1. EZEKIEL OX - CHEERING BOMBS FROM DECKCHAIRS
Last month, Israeli bombing raids resulted in "a devastating number of Palestinian casualties", including at least 25 people killed. The attacks came as Israel prepared to host the Eurovision Song Contest, where pop legend Madonna and Iceland's entry, Hatari, both displayed Palestinian flags on stage. However, both broke the festival's boycott to do so. Not breaking any boycotts was longtime Australian activist and musician Ezekiel Ox, whose new thrash-funk album, Cheering Bombs From Deckchairs, puts Israeli aggression directly in the cross-hairs. Explaining its title, he said: “I saw some video footage of Israeli people sitting up on a hill in Israel, looking over the wall in deckchairs with drinks and eskies. They were cheering as Palestinian people were bombed ... I was obviously appalled ... I’m not saying Israelis are the problem, Zionism as a political concept is a problem. From my perspective, it was something I just couldn’t get out of my head.” LISTEN>>>
2. RAMMSTEIN - UNTITLED
Anti-Zionist activists like Ox are often wrongly smeared as anti-Semitic. This month, bestselling anti-fascist German band Rammstein found themselves subject to the same smear when their new album's promotional music video "Deutschland", tracing Germany's history and its holocaust of Jews, clocked up more than 50 million views. It's not the first time their politics have been misinterpreted. In 2015, far-right racists in Australia began using their music even though Rammstein had explicitly stated they were left-wing. Their new video defiantly depicts the future of Germany as Black and female, a powerful statement when Germany's third-biggest political party is the far-right and anti-immigrant Alternative for Germany. On "Radio", singer Till Lindemann recalls growing up in East Germany and on the EU-trashing "Auslander", he calls for open borders. It's all served up in booming German over the catchiest, bombastic riffs. MORE>>>
3. LOS FASTIDIOS - JOY JOY JOY
Italy's far-right and anti-immigrant deputy prime minister Matteo Salvini expressed his disgust when the Italian public chose a half-Egyptian, half-Sardinian singer named Mahmood to represent the country at Eurovision. “Really… the most beautiful Italian song of the year?" he tweeted. "I’d have picked [runner-up] Ultimo, what do you think?” After Salvini's nationalist League party came top in the European elections in Italy on May 27, he declared that "Europe is changing".
Hitting back at the likes of Salvini are the anti-fascist and football-mad Italian band Los Fastidios, whose latest album of joyous punk anthems, released on May 16, sounds like it was designed to be sung on the terraces. The band are longtime supporters of St Pauli FC, Germany's refugee-helping football club, which hit headlines this month for its work integrating asylum seekers into the European community. MORE>>>
4. SLOWTHAI - NOTHING GREAT ABOUT BRITAIN
Continuing its torturously long breakup with Europe was Britain, where council-estate raised rapper Slowthai released his Brexit-bashing debut album Nothing Great About Britain on May 17. Taking the opposite tack was ex-Smiths singer Morrissey, who continued to appal former fans this month as he wore a badge supporting anti-Muslim party For Britain on US television. As he geared up to release his new album on May 24, posters for the album were taken down in Merseyside after a complaint, Rolling Stone cancelled an interview with him after he refused to discuss his politics, his records were banned by the "world's oldest record shop", and guests who'd sung on his album claimed they'd been duped into appearing on it as they hadn't realised his politics had changed. Curiously, the album consists of covers of left-wing protest songs - and it's brilliant. None of which detracts from the fact that I now want to hammer a nail through my own testicles for having even mentioned it. MORE>>>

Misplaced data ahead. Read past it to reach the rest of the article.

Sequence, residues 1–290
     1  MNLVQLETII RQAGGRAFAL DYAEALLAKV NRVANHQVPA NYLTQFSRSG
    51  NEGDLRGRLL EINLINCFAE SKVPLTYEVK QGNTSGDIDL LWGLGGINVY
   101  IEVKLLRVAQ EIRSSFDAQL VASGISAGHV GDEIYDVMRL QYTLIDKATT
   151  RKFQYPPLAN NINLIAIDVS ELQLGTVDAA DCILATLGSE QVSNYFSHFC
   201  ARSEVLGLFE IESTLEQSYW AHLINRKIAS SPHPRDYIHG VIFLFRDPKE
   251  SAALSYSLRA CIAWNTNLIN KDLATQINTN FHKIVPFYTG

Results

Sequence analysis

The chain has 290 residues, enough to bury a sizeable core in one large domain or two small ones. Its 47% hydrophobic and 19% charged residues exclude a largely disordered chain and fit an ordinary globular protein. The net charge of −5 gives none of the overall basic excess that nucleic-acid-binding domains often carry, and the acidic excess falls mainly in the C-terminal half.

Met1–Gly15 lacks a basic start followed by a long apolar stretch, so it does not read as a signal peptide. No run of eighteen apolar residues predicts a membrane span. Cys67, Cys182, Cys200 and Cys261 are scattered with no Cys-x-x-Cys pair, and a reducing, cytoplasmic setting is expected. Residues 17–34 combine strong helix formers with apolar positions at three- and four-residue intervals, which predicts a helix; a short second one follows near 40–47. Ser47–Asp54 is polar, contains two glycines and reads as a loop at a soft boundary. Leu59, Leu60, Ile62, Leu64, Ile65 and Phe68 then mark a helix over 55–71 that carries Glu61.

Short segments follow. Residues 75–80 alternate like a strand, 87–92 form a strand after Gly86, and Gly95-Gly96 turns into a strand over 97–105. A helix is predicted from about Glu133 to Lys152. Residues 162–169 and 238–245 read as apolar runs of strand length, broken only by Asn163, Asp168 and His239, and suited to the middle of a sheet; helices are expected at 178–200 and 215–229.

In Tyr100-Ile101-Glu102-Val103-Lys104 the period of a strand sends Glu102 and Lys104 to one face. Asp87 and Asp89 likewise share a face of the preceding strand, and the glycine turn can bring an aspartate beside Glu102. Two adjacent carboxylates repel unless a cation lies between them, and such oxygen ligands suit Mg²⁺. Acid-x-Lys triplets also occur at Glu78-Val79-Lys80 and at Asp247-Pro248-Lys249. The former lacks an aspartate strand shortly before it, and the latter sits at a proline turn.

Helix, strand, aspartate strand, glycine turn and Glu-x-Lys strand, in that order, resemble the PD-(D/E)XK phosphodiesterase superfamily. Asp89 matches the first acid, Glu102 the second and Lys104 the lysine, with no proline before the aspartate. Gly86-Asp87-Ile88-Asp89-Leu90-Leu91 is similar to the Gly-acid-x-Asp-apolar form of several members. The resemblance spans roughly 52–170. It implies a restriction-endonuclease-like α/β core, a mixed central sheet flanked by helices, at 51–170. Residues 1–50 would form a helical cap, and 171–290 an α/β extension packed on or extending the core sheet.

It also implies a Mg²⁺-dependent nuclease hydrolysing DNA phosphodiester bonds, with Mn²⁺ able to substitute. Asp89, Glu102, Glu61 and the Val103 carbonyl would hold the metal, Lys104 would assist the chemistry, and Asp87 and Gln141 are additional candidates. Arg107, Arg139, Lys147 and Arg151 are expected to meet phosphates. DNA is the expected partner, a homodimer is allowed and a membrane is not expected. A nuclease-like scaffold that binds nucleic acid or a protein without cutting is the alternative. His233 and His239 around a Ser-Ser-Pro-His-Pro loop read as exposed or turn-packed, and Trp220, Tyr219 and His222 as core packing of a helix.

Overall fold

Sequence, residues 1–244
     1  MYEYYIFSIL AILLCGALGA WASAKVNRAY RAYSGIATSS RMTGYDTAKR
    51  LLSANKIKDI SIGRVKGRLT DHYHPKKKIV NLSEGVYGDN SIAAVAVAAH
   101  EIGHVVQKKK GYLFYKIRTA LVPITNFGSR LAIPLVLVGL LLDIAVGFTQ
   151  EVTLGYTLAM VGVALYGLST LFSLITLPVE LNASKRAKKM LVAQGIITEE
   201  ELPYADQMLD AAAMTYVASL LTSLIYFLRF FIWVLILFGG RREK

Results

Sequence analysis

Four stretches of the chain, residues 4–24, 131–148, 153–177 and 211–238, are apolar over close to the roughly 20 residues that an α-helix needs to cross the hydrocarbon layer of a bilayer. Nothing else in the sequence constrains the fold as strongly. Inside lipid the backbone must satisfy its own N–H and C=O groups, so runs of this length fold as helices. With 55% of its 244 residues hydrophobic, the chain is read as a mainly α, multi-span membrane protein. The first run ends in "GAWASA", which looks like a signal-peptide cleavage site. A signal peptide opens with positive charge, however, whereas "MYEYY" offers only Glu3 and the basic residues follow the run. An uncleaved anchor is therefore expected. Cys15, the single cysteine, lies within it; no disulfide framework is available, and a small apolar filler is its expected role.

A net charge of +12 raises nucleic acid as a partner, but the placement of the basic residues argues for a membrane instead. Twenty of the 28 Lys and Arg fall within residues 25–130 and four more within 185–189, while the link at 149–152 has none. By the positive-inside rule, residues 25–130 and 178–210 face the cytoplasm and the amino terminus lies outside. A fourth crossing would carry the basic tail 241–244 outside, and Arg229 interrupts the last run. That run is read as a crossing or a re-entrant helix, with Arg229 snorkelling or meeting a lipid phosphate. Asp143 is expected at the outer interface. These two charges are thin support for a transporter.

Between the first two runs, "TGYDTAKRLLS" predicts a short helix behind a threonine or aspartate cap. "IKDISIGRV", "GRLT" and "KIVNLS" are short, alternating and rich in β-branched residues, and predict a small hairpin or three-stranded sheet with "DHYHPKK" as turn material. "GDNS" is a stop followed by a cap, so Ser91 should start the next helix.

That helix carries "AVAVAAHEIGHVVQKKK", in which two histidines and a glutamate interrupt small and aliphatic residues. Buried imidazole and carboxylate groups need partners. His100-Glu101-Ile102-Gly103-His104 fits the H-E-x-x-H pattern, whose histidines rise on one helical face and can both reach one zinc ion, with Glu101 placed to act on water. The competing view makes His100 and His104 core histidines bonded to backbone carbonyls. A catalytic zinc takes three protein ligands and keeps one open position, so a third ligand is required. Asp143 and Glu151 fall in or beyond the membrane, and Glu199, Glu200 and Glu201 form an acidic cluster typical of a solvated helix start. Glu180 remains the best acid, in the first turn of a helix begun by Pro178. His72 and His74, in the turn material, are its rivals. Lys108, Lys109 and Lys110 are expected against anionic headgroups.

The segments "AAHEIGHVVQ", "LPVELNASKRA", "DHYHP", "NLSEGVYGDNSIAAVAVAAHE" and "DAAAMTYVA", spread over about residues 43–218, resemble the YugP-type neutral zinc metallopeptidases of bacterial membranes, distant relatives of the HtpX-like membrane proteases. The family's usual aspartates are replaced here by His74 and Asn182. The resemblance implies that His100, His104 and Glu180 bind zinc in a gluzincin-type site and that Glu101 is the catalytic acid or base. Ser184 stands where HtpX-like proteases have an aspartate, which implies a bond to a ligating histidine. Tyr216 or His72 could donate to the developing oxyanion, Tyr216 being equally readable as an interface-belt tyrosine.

5. THE ASKEW SISTERS - ENCLOSURE
Harking back to a Britain of yore in a more compassionate way were folk-singing duo The Askew Sisters. Their new album examining the destruction of the British countryside was released on May 3, three days before a United Nations report said the Earth is set to lose 1 million species as a “direct result of human activity”. "We are eroding the very foundations of our economies, livelihoods, food security, health and quality of life worldwide,” it said. A field recording of birdsong begins the first song, "I Wandered By The Brookside", reminding listeners of the loss of songbird habitats, before its message kicks in about how political inequality is maintained by legal means. "Our relationship with the natural world is something we’re really starting to re-evaluate now that issues of climate change and biodiversity are slowly beginning to be given the weight that they need," said the sisters. "Some of these old songs hark back to a time when that relationship was not so distant." MORE>>>
6. BIRDZ - PLACE OF DREAMS
On May 18, the environmental destruction of Australia got divine approval when Jesus Christ, fresh from turning water into wine, re-elected coal-loving Liberal Party leader Scott Morrison as Prime Minister. The result went against all odds, prompting evangelical Pentacostalist Morrison to say: "I've always believed in miracles and we've been delivered another one." The win prompted his resources minister to tweet "Start Adani!" in reference to the Great Barrier Reef-threatening Adani coal mine, which has been slammed as insolvent by the business press and fiercely resisted by the Aboriginal owners of the land it is set to destroy. Eloquently deconstructing the colonial onslaught was Aboriginal rapper Birdz, who sings and raps his way across Australia's brutal past and present on his new album of bass-heavy hip-hop, released on May 3. In "On The Run" he raps in a faux white Aussie accent: "Blood-sucking leeches, they won't sign our leases. Bring back the days we had 'em all on leashes." MORE>>>
7. DEEPAK PEACE - 1947 SE AK-47 TAK